​The Consortium of Multiple Sclerosis Centers (CMSC), in collaboration with the CMSC Task Force for a Standardized MRI Protocol and Clinical Guidelines for the Diagnosis and Follow-up of Multiple Sclerosis (MS) updated the standardized MRI protocol useful when evaluating people suspected of having MS and for following individuals undergoing treatment for MS.  These guidelines evolved from a meeting of the task force comprised of an international group of neurologists, radiologists and imaging scientists with expertise in MS.  The group met in Newark, NJ, January 11-12, 2017 to revise and update the guidelines and indications for standardized brain and spinal cord MRI for MS including attention to the use of gadolinium, based on new data, survey results and expert opinion. These proposed recommendations are currently under review in preparation for a manuscript.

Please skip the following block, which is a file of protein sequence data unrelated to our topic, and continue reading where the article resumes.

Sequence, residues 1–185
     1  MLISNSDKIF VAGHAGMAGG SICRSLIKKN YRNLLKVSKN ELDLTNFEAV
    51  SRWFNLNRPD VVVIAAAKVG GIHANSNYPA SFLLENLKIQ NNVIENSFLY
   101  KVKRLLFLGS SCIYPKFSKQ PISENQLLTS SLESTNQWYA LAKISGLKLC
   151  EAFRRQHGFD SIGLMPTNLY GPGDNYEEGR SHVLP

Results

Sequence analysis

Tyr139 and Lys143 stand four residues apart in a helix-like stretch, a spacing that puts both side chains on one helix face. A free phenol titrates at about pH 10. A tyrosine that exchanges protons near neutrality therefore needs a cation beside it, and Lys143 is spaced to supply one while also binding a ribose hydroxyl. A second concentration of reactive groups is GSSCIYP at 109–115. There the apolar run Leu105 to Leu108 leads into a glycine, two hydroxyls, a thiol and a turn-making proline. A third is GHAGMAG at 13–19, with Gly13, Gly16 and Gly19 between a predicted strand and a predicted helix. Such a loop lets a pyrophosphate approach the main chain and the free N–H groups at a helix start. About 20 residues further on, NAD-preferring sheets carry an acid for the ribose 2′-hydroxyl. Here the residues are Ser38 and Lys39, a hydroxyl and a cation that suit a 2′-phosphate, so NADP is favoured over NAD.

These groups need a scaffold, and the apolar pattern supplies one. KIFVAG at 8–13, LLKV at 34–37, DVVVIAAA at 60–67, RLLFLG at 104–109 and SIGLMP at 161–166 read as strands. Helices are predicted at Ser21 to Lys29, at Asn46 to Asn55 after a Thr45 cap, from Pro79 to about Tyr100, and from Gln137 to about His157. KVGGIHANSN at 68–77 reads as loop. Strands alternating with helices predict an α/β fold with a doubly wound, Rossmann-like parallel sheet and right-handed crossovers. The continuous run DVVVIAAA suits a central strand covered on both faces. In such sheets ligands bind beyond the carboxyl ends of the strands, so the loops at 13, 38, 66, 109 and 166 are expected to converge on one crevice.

Clinical guidelines from the CMSC for the diagnosis and follow-up of MS had previously recommended the routine use of gadolinium based contrast agents (GBCA) in brain magnetic resonance imaging (MRI) for the diagnosis and follow-up of patients with MS. Soon after the publication of these recommendations in 2015, the CMSC became aware of the concerns regarding gadolinium deposition in the brain and the recommendations of the FDA to limit GBCA use to appropriate clinical circumstances.